SDV337376Site Visit: Simpson. 1991. Devon Post-Reconnaissance Fieldwork Project. Not Applicable.
SDV337377Un-published: Gerrard, S.. 1996. 139588. Monument Protection Programme. Archaeological Item Dataset.. Unknown.
SDV337378Aerial Photograph: Griffith, F. M.. 1984. DAP/AE. Devon Aerial Photograph. Photograph (Paper). 4-7.
SDV337382Aerial Photograph: Griffith, F. M.. 1984. DAP/DC. Devon Aerial Photograph. Photograph (Paper). 1-4.
SDV337383Aerial Photograph: Griffith, F. M.. 1984. DAP/DF. Devon Aerial Photograph. Photograph (Paper). 9-12A.
SDV337384Aerial Photograph: Griffith, F. M.. DAP/GF. Devon Aerial Photograph. Photograph (Paper). 3A-6.
SDV337386Aerial Photograph: Horner, B.. 1997. DAP/ABM. Devon Aerial Photograph. Photograph (Paper). 9, 10.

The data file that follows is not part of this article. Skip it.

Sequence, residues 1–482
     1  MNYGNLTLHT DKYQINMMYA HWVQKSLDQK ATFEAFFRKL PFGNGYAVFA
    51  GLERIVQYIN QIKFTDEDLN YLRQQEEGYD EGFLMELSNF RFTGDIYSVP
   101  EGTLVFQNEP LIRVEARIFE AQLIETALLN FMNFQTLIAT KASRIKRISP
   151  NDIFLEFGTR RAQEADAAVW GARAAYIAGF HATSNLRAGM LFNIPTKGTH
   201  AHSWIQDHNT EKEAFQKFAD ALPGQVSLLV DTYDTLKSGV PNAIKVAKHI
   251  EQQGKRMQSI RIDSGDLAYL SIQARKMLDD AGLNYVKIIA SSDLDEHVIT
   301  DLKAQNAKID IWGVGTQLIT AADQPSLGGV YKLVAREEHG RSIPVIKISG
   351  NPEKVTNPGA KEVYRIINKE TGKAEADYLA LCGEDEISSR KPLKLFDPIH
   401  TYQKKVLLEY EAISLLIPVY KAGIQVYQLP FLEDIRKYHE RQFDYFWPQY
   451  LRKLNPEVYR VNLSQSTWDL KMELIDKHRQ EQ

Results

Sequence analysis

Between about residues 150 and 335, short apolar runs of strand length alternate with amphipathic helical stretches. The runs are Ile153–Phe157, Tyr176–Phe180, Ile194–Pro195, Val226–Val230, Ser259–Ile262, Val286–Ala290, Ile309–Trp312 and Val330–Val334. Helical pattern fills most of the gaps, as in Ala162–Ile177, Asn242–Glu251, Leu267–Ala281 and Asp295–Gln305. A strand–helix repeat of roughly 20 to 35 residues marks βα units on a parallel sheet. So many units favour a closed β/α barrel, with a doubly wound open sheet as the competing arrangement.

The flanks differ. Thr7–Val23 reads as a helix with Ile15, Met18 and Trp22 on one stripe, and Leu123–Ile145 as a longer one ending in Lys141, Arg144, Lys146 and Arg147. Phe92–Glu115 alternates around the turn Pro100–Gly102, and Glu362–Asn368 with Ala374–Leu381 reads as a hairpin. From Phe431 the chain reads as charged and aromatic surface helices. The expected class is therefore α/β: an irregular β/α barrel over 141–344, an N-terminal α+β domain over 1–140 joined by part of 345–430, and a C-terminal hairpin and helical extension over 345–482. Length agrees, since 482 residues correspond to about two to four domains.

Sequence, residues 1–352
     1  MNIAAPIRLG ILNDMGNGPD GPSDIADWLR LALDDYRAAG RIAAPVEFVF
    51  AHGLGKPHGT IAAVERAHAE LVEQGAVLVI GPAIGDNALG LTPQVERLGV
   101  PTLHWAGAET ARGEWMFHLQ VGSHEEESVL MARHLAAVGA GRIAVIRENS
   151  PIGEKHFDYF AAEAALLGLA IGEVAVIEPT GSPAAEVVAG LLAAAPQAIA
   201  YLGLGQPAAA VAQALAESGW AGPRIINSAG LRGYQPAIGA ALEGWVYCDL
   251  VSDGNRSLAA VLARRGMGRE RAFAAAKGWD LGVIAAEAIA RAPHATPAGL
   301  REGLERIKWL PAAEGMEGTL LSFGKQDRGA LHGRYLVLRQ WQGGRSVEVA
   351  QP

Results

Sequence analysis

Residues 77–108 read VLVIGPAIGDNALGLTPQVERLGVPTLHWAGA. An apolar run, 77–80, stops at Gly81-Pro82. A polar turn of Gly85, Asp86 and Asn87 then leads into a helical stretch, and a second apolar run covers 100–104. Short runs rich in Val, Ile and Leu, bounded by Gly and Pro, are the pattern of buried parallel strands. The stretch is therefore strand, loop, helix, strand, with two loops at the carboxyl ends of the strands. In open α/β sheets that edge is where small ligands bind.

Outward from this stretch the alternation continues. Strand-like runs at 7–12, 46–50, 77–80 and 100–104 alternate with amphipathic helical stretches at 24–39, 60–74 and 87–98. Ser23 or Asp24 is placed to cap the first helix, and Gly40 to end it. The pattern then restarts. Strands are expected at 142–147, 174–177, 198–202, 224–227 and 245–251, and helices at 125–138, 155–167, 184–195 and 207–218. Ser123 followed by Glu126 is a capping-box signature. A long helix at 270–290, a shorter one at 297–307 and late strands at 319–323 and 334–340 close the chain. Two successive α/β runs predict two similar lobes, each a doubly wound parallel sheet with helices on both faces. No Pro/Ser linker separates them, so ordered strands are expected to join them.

SDV337387Aerial Photograph: Griffith, F. M. + Horner, B.. 1997. DAP/ABQ. Devon Aerial Photograph. Photograph (Paper). 1-8.
SDV337388National Monuments Record Database: NMR. SS70SW29. NMR Index. Unknown.
SDV337390Aerial Photograph: National Monuments Record. SS7001. NMR Aerial Photograph. Unknown. 1-2,4-5,9-10,12-21,23-33,36-50.
SDV337391Aerial Photograph: National Monuments Record. SS7107. NMR Aerial Photograph. Unknown. 2-3,13-14.
SDV337392Article in Serial: Harding, A. F. + Lee, G. E.. 1987. Henge Monuments and Related Sites. British Archaeological Reports. 175. A4 Bound.
SDV337396Aerial Photograph: Griffith, F. M.. 1990. DAP/QA. Devon Aerial Photograph. Photograph (Paper). 10.
SDV337397Report - Watching Brief: Bath Archaeological Trust. 2003. Planning Report on an Archaeological Watching Brief of Bow. Bath Archaeological Trust Report. A4 Stapled + Digital.